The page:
Childhood in the rearview mirror

Back when blogs were still referred to as weblogs, I publicly detailed angst and dismay about all the things I swore would never happen on my parental watch. Suitably dubbed “The Crayon Is On the Wall,” the blog featured the often embarrassing lessons of humility taught by our three children.

We lived through the one year hot dog-only diet our oldest demanded — and, with a little help from Flintstone vitamins, so did she. Our bank account was worse off, but still better than the fish, when Mr. Bubbles was unexpectedly introduced to the saltwater tank.

Despite one of our angels dropping trou in the middle of the produce section and removing a softball sized wad of toilet paper from her backside (forgotten during a “magic potty” flushing scare), we weren’t banned from the Hy-Vee.

With enough elbow grease, gasoline will mostly free spray paint from brick. Turpentine is required, however, when curious youngsters discover a neighbor’s leftover roofing tar. And, yes, the purple tinge of fabric dye will eventually fade from the dog’s coat, but the paw prints will live on the stairs forever.

Neighbors may forgive, but will never forget an incident of public defecation in the alleyway. They’ll re-enact their frantic phone call to you at the child’s high school graduation.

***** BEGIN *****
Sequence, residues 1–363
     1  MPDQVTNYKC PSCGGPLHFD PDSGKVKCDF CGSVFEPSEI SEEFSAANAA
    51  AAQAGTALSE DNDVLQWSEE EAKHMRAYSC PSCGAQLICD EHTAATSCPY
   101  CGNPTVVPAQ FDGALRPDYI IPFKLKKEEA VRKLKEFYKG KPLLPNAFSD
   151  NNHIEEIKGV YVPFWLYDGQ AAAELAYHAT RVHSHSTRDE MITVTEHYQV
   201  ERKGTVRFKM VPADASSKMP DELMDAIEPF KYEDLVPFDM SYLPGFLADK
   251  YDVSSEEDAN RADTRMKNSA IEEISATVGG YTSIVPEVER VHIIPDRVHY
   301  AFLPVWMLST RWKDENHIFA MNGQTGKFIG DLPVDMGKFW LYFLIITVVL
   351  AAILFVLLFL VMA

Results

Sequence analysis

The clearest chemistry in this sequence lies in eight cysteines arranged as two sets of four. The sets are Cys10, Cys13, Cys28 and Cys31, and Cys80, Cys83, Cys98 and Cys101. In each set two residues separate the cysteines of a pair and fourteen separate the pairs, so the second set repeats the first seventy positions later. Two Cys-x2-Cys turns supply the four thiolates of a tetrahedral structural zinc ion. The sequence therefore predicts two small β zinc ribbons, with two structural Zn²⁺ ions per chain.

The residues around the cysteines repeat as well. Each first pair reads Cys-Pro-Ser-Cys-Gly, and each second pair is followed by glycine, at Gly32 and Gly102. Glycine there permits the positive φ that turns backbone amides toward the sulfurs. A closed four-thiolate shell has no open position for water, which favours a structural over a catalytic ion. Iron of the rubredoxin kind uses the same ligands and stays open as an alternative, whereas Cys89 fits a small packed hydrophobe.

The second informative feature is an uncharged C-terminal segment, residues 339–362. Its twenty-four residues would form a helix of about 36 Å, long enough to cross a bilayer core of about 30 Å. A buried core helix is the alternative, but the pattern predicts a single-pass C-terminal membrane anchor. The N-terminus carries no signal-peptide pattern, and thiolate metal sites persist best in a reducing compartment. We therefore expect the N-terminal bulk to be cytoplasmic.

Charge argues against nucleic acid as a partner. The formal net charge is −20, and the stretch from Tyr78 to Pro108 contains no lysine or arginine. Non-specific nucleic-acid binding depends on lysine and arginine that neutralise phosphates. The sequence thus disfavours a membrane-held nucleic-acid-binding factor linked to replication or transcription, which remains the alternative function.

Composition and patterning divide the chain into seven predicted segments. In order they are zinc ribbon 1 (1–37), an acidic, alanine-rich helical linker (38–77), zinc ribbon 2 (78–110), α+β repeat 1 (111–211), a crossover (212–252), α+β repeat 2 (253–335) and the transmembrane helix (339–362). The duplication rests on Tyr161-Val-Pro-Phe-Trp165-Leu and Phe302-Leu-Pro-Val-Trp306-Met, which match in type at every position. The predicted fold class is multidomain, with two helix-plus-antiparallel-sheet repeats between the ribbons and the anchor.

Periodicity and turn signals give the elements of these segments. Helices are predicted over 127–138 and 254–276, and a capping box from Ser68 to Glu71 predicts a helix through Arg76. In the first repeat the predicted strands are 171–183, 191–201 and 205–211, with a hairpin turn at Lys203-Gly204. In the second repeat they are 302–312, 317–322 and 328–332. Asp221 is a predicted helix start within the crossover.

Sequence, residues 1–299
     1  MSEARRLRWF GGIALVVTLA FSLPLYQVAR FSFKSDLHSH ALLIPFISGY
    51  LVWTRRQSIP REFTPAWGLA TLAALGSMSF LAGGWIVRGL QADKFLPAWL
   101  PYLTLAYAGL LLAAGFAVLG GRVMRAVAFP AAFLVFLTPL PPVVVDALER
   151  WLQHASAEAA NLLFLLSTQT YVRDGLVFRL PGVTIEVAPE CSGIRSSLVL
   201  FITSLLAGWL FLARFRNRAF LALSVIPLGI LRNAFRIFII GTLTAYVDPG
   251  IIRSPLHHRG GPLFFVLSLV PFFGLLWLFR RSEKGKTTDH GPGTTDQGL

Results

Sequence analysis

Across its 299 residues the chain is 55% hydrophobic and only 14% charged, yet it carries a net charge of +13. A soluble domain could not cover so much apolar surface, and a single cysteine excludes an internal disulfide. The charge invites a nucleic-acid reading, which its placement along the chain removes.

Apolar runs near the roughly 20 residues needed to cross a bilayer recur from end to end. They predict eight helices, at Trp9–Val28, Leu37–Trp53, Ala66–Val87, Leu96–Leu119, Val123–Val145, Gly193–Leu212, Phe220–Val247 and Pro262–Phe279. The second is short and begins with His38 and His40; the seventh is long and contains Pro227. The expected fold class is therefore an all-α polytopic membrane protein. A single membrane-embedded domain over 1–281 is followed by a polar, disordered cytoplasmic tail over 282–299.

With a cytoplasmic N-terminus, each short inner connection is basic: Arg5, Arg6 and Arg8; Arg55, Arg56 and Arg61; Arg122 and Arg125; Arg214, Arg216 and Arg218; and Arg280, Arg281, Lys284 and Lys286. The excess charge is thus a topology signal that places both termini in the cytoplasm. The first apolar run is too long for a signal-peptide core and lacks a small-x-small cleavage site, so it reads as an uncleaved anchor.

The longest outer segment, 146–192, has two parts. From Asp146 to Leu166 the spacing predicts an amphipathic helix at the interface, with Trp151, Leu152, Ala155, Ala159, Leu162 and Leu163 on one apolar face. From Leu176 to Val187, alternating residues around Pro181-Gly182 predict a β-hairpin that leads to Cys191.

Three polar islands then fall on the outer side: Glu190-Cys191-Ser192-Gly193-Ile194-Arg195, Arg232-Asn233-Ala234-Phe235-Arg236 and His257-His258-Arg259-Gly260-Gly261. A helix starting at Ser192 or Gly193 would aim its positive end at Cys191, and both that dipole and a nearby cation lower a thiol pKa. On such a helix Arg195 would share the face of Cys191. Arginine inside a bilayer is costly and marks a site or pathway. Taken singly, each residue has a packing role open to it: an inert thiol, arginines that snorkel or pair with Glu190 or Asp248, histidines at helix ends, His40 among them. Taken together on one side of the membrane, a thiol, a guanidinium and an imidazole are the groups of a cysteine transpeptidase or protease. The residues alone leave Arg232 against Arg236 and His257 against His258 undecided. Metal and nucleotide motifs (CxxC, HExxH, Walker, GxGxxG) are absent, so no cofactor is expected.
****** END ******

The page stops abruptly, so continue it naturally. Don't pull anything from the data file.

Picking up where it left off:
The doctor is anxiously awaiting the perfect moment to hand your son the Barbie shoe fished from his nose.


As the kids have grown, such incidents have dwindled. The blog, and the fellowship it provided with other dismayed parents of mischief makers, became less important. And, what once seemed like sublime mortification is now the inside jokes and lore we haul out for the holidays.

Our youngest officially became a teenager this week. The event was marked with the addition of two parakeets, placing us one species closer to an unintentional competition with Noah. While I approached the birthday with a mix of trepidation and elation, anticipating the possible end of humility lessons, the worry was needless.


Before the wax cooled on the cake icing, our newly minted teen provided his initial written list of demands. The single sheet of paper, folded in half and hand delivered amid the haze before my first morning gulp of caffeine, begins: “Things I Need.” The legend indicates some should be relinquished immediately, others before the next school year.

Accessories for the parakeets are present and stand in contrast to his earlier, verbal edict that “you people” shouldn’t expect equal access to his room and the feathered entertainment therein. It seems, I’m responsible for, but will not be rewarded by, their happiness. While most of the list advances our son’s history of practicality, the fact that it was presented in writing marks a new era. I blame the 24-hour news cycle and wall-to-wall terrorism coverage.

There’s been no indication of what may befall us if demands aren’t met, but I hold secret concerns for his sister and the dogs. The boy has long been in cahoots with the cats, who I believe are at the root of this maniacal bird plan as well as his newly discovered fondness for grooming.

I’d opine about it some more, but there’s clearly some shopping to be done.



Family childhood

This column by Lynda Waddington originally published in The Gazette on May 30, 2015.